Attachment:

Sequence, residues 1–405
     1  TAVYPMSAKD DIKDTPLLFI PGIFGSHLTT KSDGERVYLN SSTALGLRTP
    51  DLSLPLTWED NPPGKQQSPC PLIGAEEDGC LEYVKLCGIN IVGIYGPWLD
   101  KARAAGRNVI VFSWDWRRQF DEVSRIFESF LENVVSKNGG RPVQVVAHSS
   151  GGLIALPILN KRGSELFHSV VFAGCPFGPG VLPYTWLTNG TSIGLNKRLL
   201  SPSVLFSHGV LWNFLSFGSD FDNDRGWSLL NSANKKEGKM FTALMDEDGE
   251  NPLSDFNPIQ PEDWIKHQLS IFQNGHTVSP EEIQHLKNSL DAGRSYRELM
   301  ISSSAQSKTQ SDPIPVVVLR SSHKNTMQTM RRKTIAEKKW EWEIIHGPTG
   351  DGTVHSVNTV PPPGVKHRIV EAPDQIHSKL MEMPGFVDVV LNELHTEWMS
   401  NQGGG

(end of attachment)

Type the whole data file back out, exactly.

Sequence, residues 1–405
     1  TAVYPMSAKD DIKDTPLLFI PGIFGSHLTT KSDGERVYLN SSTALGLRTP
    51  DLSLPLTWED NPPGKQQSPC PLIGAEEDGC LEYVKLCGIN IVGIYGPWLD
   101  KARAAGRNVI VFSWDWRRQF DEVSRIFESF LENVVSKNGG RPVQVVAHSS
   151  GGLIALPILN KRGSELFHSV VFAGCPFGPG VLPYTWLTNG TSIGLNKRLL
   201  SPSVLFSHGV LWNFLSFGSD FDNDRGWSLL NSANKKEGKM FTALMDEDGE
   251  NPLSDFNPIQ PEDWIKHQLS IFQNGHTVSP EEIQHLKNSL DAGRSYRELM
   301  ISSSAQSKTQ SDPIPVVVLR SSHKNTMQTM RRKTIAEKKW EWEIIHGPTG
   351  DGTVHSVNTV PPPGVKHRIV EAPDQIHSKL MEMPGFVDVV LNELHTEWMS
   401  NQGGG